Jay Monahan, PGA Tour commissioner, said: “The tour has been committed to aligning our athletes with innovative technology and this initiative combines that vision with a unique golf atmosphere.

“A primetime experience featuring PGA Tour players will help attract a broader audience to our sport and the world's greatest players.”

Woods and McIlroy founded TMRW Sports along with sports industry executive Mike McCarley and is aimed at “harnessing technology to build progressive approaches to sports, media, and entertainment.”

TMRW Sports will be headed up by McCarley as chief executive and counts US television executive and former chairman of NBC Sports among its initial investors.

Meanwhile, in a continued effort to compete with LIV, the PGA Tour has announced a further increase in prize money and an enhanced schedule where top players have committed to compete in 20 events per year.

Monahan announced on Wednesday that the tour has added four ‘elevated events’ to its calendar which brings the total to 12 for next season. The 12 tournaments will have an average purse of $20 million, similar to the prize pots awarded by LIV.

Speaking before this week’s Tour Championship, the final PGA Tour event of the year, the commissioner said that the top players have made “an unprecedented commitment” to play all 12 events and at least 20 across the season, including the four majors, The Players Championship, and an additional three events.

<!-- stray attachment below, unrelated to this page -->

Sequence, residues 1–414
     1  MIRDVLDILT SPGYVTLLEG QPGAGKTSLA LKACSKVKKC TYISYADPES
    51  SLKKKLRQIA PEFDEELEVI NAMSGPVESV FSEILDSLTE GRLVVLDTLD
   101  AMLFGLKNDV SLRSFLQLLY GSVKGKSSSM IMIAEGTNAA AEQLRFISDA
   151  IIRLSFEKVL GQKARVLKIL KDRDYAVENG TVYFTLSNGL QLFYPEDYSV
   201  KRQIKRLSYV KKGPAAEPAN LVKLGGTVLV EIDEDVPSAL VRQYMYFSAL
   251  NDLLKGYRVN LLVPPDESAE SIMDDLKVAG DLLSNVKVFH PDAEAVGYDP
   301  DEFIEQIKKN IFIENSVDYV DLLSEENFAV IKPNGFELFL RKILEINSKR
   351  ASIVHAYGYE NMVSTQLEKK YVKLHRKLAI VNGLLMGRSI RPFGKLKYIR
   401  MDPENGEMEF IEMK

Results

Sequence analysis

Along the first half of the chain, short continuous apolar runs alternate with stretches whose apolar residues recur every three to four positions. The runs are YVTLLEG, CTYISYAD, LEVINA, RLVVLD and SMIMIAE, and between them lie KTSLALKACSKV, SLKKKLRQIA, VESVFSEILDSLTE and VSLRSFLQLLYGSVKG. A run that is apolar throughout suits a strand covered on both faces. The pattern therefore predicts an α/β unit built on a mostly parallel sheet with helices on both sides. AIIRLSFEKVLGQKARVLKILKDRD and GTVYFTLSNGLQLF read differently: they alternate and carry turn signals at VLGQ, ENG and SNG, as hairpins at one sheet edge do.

The tour has also expanded its Player Impact Program and will introduce an ‘Earnings Assurance Program’, which will guarantee all fully-exempt tour members will earn at least $500,000 per year.

From this year, the Player Impact Program, created in January 2021, will double to award $100 million to 20 players who “resonate the most with fans and media” and generate coverage for the tour. New metrics will also be implemented” to better capture awareness from both casual and core fans.”

A travel stipend program also will be implemented for lower-ranked players who will receive $5,000 for travel and tournament-related expenses when they miss the cut.

Earlier this month, the PGA Tour had already announced a record prize pot for its 2022-23 season, with a total of $428.6 million to be distributed across official events and $145 million in bonuses.

Monahan said: “Our top players are firmly behind the tour, helping us deliver an unmatched product to our fans, who will be all but guaranteed to see the best players competing against each other in 20 events or more throughout the season.”

“Every single member of the PGA Tour is going to benefit from the changes that we're going to be making. The tour is going to continue to grow by having the best players in the world committed to it, by us continuing to lean into and invest in our ethos, which is the single-best competitive platform.

“This is a culmination of a strengthened partnership between the tour and the players, and amongst the players themselves. It’s unprecedented for our tour and a testament to who these guys are and what they believe in.”